Can love be a force for political change?

Is there any scientific basis for believing that love can be a force for change in politics and economics? An interview with one of the world’s leading authorities on positive psychology and the value of “micro-moments of connection.”


Can love be a positive force for change in the public sphere as well as in our private lives? If not, Transformation is in trouble: openDemocracy’s new section has staked its future on demonstrating that radical changes are possible in politics and economics when approached in a spirit of human connection and solidarity. 
At first glance, there’s an obvious problem with this thesis: can we really “love our enemies,” or even our friends and colleagues who we don’t know very well? Is there any scientific basis for believing that love can stretch beyond the boundaries of our intimate relationships? What do the latest developments in human biology and psychology have to say? 
Barbara Frederickson is better qualified than most other people to answer these questions. A professor at the University of North Carolina at Chapel Hill and a leading figure in the burgeoning “positive psychology” movement, her new book is titled Love 2.0: how our supreme emotion affects everything we feel, think, do and become. In it, Frederickson tries to show that love for others - all others - can be consciously cultivated and applied in every sphere of life.
Positive psychology has been criticized for ignoring the structural factors that underpin discrimination and inequality, and for over-emphasizing the power of individuals to shape their own horizons. But Frederickson doesn’t see any conflict between accentuating the positive in our own lives and extending our concern to other people. Quite the opposite: she sees positive emotions, empathy and love (or what she calls “micro-moments of connection”) as points along the same continuum that can be strengthened by using exercises like “loving kindness meditation.” Try the exercise that’s described in a separate article on Transformation today and make your own mind up.
Despite this conviction, the index to her book doesn’t contain a single reference to poverty or inequality, war or violence, race or sexuality. It’s a curious omission if love really does “affect everything that we do.” Love is everywhere perhaps, except where it’s most needed. Yet she also concludes that “expanding the pool of moments in which people feel safe” is one of love’s preconditions, so economic and political systems that guarantee human safety and security are essential. To find out more about this puzzle, I spoke to Barbara Frederickson.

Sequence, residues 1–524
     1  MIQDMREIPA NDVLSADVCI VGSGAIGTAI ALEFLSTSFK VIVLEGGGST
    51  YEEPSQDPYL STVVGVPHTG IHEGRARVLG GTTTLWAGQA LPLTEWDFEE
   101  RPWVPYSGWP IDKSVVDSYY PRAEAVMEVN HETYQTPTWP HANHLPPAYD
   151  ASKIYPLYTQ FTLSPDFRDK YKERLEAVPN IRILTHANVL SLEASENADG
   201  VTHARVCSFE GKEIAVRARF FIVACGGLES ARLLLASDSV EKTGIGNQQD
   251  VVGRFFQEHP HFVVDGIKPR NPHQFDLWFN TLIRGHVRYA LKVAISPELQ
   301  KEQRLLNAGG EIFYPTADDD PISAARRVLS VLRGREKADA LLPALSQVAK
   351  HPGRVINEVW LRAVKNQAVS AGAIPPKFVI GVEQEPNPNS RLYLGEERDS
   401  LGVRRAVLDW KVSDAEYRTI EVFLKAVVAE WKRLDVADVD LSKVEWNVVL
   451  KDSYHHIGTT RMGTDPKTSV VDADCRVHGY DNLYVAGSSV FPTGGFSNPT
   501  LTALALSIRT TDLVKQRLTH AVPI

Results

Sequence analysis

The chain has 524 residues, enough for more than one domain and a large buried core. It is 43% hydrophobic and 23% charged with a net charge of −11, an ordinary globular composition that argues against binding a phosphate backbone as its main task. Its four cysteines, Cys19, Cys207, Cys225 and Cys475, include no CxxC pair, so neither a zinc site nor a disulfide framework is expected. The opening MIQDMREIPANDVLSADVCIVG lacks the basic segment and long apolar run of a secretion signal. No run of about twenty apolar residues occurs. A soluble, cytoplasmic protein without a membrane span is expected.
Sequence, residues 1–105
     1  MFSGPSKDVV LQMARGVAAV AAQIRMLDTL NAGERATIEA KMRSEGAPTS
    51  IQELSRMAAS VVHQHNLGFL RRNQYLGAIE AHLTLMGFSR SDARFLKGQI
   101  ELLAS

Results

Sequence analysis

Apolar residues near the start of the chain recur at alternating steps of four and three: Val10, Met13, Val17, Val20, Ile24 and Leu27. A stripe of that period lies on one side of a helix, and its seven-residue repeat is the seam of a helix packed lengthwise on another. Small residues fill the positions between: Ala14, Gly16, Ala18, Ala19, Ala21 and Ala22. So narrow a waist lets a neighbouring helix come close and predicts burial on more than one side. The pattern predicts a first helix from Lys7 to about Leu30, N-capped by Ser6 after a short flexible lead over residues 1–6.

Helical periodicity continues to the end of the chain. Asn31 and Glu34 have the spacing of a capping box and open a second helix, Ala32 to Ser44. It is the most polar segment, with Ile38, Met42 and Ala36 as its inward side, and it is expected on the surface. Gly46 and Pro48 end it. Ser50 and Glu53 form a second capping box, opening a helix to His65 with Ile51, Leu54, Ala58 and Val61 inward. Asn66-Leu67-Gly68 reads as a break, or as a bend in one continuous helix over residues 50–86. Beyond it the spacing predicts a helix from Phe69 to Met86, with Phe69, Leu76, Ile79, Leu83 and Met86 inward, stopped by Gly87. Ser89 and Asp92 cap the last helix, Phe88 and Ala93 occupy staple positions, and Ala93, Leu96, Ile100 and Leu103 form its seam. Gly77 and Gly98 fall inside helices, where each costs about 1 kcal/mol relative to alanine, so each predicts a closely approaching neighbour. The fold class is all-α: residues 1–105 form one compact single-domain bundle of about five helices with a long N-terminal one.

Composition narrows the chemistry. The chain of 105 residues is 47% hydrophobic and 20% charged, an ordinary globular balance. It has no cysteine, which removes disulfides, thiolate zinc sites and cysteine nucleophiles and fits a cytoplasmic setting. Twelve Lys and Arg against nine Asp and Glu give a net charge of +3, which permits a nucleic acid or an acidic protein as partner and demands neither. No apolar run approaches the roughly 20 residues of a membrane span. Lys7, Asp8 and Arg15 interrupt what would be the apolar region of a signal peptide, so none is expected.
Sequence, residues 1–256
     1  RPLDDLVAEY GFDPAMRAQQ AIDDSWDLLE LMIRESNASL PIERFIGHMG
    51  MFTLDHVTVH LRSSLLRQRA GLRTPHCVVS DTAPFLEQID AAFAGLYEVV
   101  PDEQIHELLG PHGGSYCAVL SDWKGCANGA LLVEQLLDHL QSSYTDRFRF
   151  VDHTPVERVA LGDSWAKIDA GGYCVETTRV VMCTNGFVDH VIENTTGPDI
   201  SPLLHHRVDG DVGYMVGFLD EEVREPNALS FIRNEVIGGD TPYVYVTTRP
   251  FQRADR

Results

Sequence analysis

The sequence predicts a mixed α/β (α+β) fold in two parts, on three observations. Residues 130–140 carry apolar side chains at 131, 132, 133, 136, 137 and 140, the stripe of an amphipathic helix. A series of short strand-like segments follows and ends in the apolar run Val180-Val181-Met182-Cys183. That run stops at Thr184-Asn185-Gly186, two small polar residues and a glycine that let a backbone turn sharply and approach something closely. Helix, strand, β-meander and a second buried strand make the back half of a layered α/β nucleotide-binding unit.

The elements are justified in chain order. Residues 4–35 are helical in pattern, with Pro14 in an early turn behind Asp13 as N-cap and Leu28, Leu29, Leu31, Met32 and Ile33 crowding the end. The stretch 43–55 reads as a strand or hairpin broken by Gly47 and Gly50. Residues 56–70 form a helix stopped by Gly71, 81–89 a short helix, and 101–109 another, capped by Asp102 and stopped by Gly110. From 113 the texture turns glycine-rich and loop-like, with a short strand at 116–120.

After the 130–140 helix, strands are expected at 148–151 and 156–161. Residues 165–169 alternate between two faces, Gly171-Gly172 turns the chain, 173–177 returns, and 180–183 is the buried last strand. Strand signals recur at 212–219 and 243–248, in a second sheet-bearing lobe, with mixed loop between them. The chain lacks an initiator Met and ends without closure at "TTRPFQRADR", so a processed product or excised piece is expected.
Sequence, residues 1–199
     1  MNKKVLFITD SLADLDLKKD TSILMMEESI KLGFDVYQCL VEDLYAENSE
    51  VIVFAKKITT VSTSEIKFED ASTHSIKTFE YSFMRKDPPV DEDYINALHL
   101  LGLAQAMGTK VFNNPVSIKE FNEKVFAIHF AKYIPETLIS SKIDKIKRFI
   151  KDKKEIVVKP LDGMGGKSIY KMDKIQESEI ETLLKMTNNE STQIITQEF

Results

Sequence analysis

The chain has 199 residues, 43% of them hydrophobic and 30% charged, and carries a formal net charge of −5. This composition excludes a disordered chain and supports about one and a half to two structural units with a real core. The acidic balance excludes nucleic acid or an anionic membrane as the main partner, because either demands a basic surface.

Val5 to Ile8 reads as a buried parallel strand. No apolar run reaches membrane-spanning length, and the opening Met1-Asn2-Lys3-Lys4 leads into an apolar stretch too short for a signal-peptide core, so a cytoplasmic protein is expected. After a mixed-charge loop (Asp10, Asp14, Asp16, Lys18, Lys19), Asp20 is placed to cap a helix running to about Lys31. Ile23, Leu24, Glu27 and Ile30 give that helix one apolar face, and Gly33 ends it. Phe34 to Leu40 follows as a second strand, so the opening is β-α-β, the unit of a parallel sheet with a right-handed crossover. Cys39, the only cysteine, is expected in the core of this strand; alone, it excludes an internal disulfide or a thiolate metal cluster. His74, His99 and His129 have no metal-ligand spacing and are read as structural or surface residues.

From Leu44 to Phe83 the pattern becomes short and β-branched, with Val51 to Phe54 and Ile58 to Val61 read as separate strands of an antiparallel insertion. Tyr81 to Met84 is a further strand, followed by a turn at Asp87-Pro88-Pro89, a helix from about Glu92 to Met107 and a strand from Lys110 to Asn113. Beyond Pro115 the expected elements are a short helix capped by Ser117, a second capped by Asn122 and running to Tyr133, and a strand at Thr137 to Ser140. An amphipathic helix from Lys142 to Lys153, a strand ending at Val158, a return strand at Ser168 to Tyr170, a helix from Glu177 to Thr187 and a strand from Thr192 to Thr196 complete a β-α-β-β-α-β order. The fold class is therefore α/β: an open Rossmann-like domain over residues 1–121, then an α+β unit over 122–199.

ME: You debunk the common understanding of love as romantic attachment, and explain it instead in terms of positive emotions that our bodies can understand, experience and develop beyond our friends and families. But are positive emotions really the same thing as love?
BF: Love is both positive emotions and larger than the self. We typically think in western culture of emotions as belonging to a person - being confined to one person’s brain, mind or skin. Here I’m arguing that actually people co-experience emotions, especially positive ones, and when they do, that’s when they are reminded in an experiential way that they are part of something larger than themselves, that they share a human connection, whether it’s with a person they know well or a stranger. It’s where we experience our common humanity.
The roots of my work come from evolutionary psychology, so I’m trying to describe experiences that are often called out as ineffable, spiritual or transcendent and say well actually, these are products of our emotions. They are what we experience when we connect, a positive emotion that’s rolling through two brains and bodies at once. It’s a powerful, uplifting feeling and it turns out to be extraordinarily healthy. But the benefits accrue not just to one person’s health but to the health of communities, and that is where it connects really well to your idea of social transformation.
ME: By describing love in this way, isn’t there a danger that we will cut ourselves off from negative emotions such as anger and a sense of injustice that are essential to social struggle? 
BF: No, I don’t think so. From an emotions perspective I like to tell people that no emotion is meant to last forever, not even the ones that feel good. So the fact that we can understand love better doesn’t mean that we won’t have experiences of anger or outrage or sadness. Negative emotions are essential for flourishing and creativity and resilience... read more:

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